I’m sure that, growing up, many of you heard, as I did, the often-told story that Rommel, the famous German field marshall of World War II, had visited Baldwyn sometime in the 1930s. According to the story, he stayed in the Home Hotel and toured the Brice’s Cross Roads battlefield to study the cavalry tactics of Confederate General Nathan Bedford Forrest. It was from Forrest’s tactics, reportedly, that Rommel learned the skills of cavalry warfare that he employed with his tanks against the Allied Forces in North Africa. His successes in those engagements earned him the nickname “The Desert Fox.” (Later Rommel was implicated in the plot to assassinate Hitler, and he committed suicide rather than face trial for treason.)
Here is my contribution to the myth of Rommel’s visit to Baldwyn (from my forthcoming book of poems Crossroads):

HOME HOTEL

Years later he would recall
how oldtimers would point
to the corner window, just there,
on the second floor
as the very room where Rommel
stayed when he came to Baldwyn
to study General Forrest’s cavalry tactics
against the Yankees at Brice’s Cross Roads.

It was almost enough to make
the Desert Fox an honorary member
of the community, the one German
who could be forgiven for his misdeeds
even as his tanks chased and crushed
American troops in the North African desert.

How exciting it must have been
to see a German officer in the 1930s,
in full military uniform,
walking the streets of our small town,
sipping coffee with locals in Gentry’s Cafe,
talking with oldtimers about Forrest,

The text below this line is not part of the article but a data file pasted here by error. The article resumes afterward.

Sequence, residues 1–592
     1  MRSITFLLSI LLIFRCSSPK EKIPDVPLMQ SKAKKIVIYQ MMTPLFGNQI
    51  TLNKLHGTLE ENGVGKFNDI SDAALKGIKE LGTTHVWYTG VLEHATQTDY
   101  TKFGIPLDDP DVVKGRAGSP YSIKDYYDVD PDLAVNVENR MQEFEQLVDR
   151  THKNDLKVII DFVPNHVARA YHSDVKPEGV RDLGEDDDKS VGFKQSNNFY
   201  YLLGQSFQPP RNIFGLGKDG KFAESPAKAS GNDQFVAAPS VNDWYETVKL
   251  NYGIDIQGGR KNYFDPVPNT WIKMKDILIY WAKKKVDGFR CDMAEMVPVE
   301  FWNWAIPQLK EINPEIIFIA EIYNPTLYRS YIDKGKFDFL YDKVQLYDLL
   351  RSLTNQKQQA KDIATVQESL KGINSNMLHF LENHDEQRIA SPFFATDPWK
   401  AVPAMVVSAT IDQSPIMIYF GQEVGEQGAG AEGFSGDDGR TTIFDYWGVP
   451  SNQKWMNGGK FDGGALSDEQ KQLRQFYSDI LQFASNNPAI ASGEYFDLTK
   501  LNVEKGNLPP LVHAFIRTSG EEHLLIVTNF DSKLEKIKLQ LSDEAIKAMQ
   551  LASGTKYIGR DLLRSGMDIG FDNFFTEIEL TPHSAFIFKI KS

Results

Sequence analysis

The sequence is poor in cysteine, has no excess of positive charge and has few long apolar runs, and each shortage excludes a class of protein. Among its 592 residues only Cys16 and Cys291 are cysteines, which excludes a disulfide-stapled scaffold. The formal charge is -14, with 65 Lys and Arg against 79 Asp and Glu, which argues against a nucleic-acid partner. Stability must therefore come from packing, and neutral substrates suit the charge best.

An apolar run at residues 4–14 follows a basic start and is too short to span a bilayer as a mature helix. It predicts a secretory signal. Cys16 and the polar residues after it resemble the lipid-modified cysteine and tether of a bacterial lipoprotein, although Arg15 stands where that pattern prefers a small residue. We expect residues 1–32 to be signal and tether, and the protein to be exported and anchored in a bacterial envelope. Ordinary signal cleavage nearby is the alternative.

the unschooled farmboy
who became a military genius,
tracking his cavalry’s movement
along the Baldwyn road
to ambush Sturgis’s tired
and mud-splattered army at the Crossroads.

Who started such a story? And why?
What desperate boredom and mediocrity
could require the anonymous present
to revive the heroic and legendary past?
And what small boy, of any time and place,
could ever doubt any story his elders
had convinced themselves was true?

But history always rewrites itself.
Old men die, and their myths with them,
and young boys become old men
in their turn, inventing younger myths.
Thus Forrest, the hero, in time
becomes a devil, and Rommel,
an enemy who also distrusted Hitler,
becomes a hero, the more so
because he once stayed at the Home Hotel.

(Note: perhaps someone on this site can tell me which cafĂ© the locals would have frequented in the 1930s—Gentry’s may have come later.)

None of his biographers believes that Rommel ever visited Baldwyn and Brice’s Cross Roads, though some of them acknowledge he may have been influenced by the military strategies of Forrest. But the story persisted for decades—and was even expanded and enhanced by Larry Wells, the Oxford novelist, whose novel Rommel and the Rebel (1986) not only has Rommel visit Baldwyn and Bethany but also has him drive to Oxford to spend a day conversing, drinking, and playing tennis with the famous American author William Faulkner. What kind of story is it if it can’t grow a little!

Yet, as with most good myths, there may be a kernel of truth embedded in the old story we heard. According to a 1937 newspaper story (which I have read about but never seen--Milton Copeland: have you ever seen such a story in the Baldwyn or Tupelo papers?) five German military officials (though Rommel was not among them) did visit Brice’s Cross Roads—and they could conceivably have stayed in the Home Hotel.